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AT&T, Dell and VMware team to simplify 5G edge deployments

News Analysis
May 09, 20233 mins
5GEdge Computing

Joint offering combines 5G connectivity, edge computing infrastructure, and multi-cloud support in an on-demand service.

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Credit: amgun / Shutterstock

AT&T, Dell and VMware have partnered to create a multi-access edge computing (MEC) solution that includes private 5G wireless deployed on premises. The three vendors combined their experience in 5G communications and edge infrastructure to create an integrated 5G MEC solution – called AT&T MEC with Dell Apex – that’s designed to accelerate enterprise adoption of 5G technology.

AT&T provides network connectivity for the solution, while Dell delivers the hardware that AT&T MEC rides on and provides an “as-a-service” capability via Dell Apex Private Cloud. VMware’s virtualization and multi-cloud enablement software comes loaded on the Dell Private Cloud VxRail HCI servers.

Since this is an on-demand service, companies can scale up or down as their needs change, said Douglas Lieberman, senior director, global solutions co-creation services at Dell, in a blog post announcing the new service.

“With the click of a button, enterprises can order more Dell edge processing to be delivered and implemented in weeks, not months. This “edge-as-a-Service” model enables innovation by allowing enterprises to try out new 5G edge services without making heavy capital investments,” Lieberman wrote.

5G MEC is appropriate for use cases such as automated guided vehicles, IoT sensors, warehouse and factory robots, and AR experiences, all of which require real-time data collection and bringing business applications closer to where the data is processed, according to Lieberman.

He noted that while Wi-Fi networking is the standard for most wireless enterprises, it’s also more or less a plug-and-play technology using unlicensed spectrum. 5G, on the other hand, uses licensed spectrum with cellular technology to offer more inherent stability, more predictable latencies, higher reliability and greater range with fewer access points over Wi-Fi.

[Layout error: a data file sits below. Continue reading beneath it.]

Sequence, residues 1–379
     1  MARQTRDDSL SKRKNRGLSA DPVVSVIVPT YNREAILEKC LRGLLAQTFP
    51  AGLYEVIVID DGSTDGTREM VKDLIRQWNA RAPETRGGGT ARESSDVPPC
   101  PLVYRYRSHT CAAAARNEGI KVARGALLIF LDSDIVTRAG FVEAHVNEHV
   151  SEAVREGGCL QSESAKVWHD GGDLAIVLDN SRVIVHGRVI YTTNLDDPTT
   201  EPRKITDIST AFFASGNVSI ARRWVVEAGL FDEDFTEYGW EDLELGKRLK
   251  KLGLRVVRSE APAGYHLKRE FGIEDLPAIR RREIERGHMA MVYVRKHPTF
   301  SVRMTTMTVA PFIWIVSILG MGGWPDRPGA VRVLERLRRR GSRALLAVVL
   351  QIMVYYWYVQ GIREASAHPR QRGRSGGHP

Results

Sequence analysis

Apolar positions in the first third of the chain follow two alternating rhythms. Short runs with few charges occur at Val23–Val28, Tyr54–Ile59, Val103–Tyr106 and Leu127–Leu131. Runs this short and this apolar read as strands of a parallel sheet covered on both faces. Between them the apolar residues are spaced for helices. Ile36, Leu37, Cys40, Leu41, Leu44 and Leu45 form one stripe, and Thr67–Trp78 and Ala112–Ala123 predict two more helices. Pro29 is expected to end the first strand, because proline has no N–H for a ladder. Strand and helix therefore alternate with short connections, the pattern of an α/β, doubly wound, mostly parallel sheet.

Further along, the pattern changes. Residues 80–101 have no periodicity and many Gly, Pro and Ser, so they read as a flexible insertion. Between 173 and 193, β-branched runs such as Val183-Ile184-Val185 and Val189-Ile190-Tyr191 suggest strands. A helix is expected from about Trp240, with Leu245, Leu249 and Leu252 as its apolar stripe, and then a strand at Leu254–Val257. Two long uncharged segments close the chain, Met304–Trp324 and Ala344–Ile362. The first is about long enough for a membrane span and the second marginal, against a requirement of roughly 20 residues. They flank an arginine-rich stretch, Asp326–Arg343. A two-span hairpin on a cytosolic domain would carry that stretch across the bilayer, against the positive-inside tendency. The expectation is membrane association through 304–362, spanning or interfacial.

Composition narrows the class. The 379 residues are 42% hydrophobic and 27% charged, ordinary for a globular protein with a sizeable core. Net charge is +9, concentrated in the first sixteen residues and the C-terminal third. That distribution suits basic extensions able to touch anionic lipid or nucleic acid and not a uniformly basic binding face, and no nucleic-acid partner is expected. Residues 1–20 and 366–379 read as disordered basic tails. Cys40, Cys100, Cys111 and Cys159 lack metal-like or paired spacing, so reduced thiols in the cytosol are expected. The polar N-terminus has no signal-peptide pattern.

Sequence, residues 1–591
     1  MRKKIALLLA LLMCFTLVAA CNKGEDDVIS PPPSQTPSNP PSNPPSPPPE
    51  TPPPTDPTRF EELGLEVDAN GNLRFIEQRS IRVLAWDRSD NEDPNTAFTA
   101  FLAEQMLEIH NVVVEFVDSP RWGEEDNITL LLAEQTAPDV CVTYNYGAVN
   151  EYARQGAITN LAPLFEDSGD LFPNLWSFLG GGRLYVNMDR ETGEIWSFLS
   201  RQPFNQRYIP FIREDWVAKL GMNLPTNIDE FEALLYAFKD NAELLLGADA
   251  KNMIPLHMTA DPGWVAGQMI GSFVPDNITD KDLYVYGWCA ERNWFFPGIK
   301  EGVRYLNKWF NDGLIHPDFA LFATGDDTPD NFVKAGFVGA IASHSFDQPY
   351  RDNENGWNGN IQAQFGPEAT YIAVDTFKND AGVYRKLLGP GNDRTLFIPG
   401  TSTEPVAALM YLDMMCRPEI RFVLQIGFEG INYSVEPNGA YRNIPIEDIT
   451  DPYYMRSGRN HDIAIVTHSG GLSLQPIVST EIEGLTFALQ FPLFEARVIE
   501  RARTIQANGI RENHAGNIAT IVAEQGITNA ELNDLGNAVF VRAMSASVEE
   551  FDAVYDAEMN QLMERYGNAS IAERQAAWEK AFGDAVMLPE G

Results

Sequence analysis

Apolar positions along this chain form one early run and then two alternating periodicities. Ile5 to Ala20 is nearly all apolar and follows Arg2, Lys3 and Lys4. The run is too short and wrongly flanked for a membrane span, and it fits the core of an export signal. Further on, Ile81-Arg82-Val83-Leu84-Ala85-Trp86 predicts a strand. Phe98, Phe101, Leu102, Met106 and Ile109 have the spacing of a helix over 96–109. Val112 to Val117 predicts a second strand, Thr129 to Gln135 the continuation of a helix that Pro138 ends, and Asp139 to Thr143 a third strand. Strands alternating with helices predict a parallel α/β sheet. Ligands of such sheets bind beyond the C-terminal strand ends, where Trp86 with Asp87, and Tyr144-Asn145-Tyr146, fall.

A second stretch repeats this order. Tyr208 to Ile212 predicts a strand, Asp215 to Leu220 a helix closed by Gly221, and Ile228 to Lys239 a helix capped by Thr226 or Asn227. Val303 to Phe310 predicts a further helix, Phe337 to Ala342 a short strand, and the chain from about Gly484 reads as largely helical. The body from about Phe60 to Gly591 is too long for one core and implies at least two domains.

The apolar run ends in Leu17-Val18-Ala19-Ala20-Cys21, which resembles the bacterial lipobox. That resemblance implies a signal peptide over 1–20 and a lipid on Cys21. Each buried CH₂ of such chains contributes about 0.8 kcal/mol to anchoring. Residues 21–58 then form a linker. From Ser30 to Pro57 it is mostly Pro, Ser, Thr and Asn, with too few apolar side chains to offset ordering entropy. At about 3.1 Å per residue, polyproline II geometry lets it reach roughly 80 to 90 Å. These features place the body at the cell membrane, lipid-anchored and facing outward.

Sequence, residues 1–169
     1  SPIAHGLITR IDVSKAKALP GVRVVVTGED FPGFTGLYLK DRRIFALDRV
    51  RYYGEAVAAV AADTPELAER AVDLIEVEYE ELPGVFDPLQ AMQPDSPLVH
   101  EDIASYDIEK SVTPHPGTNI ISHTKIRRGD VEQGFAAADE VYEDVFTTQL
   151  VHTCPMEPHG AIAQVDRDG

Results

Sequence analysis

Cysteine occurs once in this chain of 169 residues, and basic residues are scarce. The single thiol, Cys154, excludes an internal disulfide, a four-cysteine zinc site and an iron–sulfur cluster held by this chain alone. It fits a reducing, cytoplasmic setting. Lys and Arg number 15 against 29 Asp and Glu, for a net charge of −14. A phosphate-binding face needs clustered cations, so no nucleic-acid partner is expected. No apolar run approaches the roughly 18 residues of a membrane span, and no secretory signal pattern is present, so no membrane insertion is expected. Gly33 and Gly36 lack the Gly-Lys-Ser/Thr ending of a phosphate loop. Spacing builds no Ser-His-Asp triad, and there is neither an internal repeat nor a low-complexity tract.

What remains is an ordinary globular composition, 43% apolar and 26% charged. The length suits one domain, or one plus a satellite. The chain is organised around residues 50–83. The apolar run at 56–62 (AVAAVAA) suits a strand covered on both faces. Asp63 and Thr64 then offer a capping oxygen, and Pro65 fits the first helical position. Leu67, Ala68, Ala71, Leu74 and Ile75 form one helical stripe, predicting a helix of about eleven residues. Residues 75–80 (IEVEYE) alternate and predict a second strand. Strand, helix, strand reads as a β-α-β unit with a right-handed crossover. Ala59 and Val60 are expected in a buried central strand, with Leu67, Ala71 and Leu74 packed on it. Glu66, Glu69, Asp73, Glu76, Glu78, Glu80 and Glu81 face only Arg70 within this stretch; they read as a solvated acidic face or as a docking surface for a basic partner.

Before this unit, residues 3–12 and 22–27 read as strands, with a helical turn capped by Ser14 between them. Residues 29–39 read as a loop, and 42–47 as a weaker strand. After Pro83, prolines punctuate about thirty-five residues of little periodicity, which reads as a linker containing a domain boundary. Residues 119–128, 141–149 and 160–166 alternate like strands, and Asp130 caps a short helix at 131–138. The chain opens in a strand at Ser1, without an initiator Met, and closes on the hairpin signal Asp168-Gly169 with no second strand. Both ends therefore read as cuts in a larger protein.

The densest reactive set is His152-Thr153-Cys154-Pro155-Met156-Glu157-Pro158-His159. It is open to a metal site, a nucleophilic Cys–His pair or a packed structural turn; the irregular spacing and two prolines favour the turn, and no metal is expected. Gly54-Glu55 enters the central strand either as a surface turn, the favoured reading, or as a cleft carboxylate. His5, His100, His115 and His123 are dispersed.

However, 5G networks and MEC solutions have their own set of complexities around deployment, security, scalability and cloud application integration, and enterprises may not have the skills needed to manage both connectivity and compute in a 5G MEC, Lieberman wrote.

AT&T MEC with Dell Apex “helps remove the barriers to 5G edge innovation,” Lieberman wrote. “How do I build it? We’ve built it for you. How do I connect and protect it? We’ve built in connectivity and protection. How do I scale it? With the click of a button. How do I manage it? Control as much or as little as you want, from full control to a completely managed service. It’s applicable to many different verticals such as manufacturing, oil and gas, utilities, healthcare and more.”

The services are available now, priced as-a-service through Dell’s Apex program with capital costs dependent upon the equipment deployment. 

In other telco-related Dell news, Dell has also partnered with Swedish telecom vendor Ericsson for a Cloud RAN project.

Ericsson will provide its Cloud RAN customers with Dell PowerEdge servers. Cloud RAN is an open cloud network that allows customers to choose their infrastructure provider to prevent vendor lock-in.

Ericsson said in a statement that the deal will provide more flexibility for Cloud RAN customers and noted that Dell’s XR8000 and XR5610 PowerEdge servers are specifically designed for telecom, Open RAN, and mobile edge computing workloads.

Andy Patrizio is a freelance journalist based in southern California who has covered the computer industry for 20 years and has built every x86 PC he’s ever owned, laptops not included.

The opinions expressed in this blog are those of the author and do not necessarily represent those of ITworld, Network World, its parent, subsidiary or affiliated companies.

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